When I was a little girl, there was always butter on the counter. I used to drag my finger through it, savouring the eating of it, never owning up to the resulting butter massacre. These days, at some point in every visit to NYC, I can be found staring at the butter section in Dean and Deluca SOHO, drooling over the display of butters from all over the world – Ireland, France, the Netherlands...
I never buy any since we travel by car in warmer seasons and the butter would be a wreck before I could get it home. So I stand there wishing, and re-living memories of overseas butter experiences. In 2008, Saveur published their list of “30 Great Butters” - I may have to track more of these down.
I have various butters in the house and prefer salted on toast and sandwiches, but nothing beats great-tasting unsalted butter. Some restaurants pride themselves on serving unsalted with the bread basket, and then presenting a little salt cellar / dish of kosher or sea salt on the side. Can’t beat that – fresh bread, butter and sprinkles of salt.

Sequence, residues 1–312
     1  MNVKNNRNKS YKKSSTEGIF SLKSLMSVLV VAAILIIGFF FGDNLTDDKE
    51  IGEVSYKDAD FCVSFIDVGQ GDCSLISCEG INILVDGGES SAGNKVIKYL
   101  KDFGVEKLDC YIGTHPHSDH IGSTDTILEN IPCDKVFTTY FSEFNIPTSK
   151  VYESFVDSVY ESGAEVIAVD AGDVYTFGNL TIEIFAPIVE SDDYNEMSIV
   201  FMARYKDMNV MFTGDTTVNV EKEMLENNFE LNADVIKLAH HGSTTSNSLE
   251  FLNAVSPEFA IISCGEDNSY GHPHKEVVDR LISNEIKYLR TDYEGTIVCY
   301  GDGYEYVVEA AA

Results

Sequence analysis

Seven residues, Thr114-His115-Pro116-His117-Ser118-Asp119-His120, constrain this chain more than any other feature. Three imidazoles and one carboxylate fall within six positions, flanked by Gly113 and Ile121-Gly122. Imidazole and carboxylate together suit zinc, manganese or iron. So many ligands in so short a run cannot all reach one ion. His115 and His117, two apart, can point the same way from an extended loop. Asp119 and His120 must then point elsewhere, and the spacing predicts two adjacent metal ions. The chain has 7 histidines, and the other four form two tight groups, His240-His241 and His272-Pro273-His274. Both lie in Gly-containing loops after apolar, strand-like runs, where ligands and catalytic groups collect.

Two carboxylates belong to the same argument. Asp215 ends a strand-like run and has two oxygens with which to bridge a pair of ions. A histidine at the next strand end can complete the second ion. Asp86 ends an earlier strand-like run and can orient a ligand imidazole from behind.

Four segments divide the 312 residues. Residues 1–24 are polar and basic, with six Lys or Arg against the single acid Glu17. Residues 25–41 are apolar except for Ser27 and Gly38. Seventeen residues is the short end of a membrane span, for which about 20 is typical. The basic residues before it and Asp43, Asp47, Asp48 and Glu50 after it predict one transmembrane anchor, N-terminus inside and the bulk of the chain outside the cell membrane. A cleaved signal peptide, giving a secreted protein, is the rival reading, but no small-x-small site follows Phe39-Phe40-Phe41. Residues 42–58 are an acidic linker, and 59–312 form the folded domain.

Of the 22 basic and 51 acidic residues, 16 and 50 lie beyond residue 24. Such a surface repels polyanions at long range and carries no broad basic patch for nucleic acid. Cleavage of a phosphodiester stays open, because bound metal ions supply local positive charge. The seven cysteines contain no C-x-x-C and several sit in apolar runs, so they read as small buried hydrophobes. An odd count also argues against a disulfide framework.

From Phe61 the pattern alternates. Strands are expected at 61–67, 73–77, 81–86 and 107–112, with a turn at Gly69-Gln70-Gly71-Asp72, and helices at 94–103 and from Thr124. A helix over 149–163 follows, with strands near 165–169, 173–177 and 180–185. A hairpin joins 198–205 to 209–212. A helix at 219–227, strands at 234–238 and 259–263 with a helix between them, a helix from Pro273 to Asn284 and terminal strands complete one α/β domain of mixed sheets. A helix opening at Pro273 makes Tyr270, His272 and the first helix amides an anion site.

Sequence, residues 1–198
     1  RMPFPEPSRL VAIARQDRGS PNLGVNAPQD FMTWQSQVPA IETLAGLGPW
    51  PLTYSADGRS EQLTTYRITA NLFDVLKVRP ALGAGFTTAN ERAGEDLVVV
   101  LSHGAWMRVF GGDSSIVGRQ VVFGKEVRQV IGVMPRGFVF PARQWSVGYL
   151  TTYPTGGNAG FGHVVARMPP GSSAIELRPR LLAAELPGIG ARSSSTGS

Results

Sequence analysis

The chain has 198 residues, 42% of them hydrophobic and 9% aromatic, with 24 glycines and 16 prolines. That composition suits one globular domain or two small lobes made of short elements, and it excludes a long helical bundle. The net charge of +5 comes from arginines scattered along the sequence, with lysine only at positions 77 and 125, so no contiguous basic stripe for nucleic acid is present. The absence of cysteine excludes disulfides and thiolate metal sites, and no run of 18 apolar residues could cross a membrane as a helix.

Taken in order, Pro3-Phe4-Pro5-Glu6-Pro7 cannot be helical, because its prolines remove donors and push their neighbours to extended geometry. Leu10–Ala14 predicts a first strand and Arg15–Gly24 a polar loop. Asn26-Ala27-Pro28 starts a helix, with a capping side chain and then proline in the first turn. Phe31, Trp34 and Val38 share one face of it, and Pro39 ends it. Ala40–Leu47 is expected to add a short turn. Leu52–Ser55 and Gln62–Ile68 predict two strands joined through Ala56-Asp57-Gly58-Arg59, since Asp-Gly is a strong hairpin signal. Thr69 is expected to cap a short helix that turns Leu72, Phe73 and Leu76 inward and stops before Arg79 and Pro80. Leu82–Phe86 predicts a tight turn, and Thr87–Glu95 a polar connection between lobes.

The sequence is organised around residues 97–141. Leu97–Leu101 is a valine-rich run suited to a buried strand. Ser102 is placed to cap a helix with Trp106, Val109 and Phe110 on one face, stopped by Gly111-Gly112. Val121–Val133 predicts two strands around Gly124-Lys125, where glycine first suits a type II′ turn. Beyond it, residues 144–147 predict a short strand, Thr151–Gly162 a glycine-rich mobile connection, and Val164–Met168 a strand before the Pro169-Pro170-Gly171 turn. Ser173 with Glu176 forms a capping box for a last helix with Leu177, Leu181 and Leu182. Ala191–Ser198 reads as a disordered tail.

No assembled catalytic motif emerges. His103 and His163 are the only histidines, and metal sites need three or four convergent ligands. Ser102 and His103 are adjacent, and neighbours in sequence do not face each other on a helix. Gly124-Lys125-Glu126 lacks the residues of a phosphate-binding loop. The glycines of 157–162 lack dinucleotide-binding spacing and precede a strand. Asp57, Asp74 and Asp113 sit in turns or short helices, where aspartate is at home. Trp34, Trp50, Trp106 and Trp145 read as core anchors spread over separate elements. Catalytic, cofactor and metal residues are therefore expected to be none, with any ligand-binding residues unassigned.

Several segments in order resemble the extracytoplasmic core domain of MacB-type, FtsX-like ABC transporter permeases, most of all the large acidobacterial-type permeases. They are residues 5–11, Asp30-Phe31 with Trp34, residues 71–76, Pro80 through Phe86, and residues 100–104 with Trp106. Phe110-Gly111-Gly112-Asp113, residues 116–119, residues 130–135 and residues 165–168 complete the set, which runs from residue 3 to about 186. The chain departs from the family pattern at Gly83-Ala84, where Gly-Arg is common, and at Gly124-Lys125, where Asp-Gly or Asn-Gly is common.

There is a chef’s game - by some accounts, centuries old - called My Last Supper. Probably after closing, and some amber liquid they float up their fantasies about what their last supper might be. It’s a silly game since few people die in circumstances where they can order up their last meal. My idea of a last supper has never changed, and it involves great bread and butter (and maybe jam). Why? Not sure – perhaps some artifact of peasant genes on both sides of the family. The My Last Supper game was explored and celebrated in Melanie Dunea’s book by the same name (so successful, she wrote a sequel). She also created a My Last Supper website that offers up video clip chats with chefs about their fantasy meal, along with recipes! Also of interest, is this New Yorker review of her book and, more recently, an article about “Death Row Dining”.
Well it’s time for a break and maybe it can involve some butter! Click on Essentials > Ingredients > Butter for interesting and valuable butter info.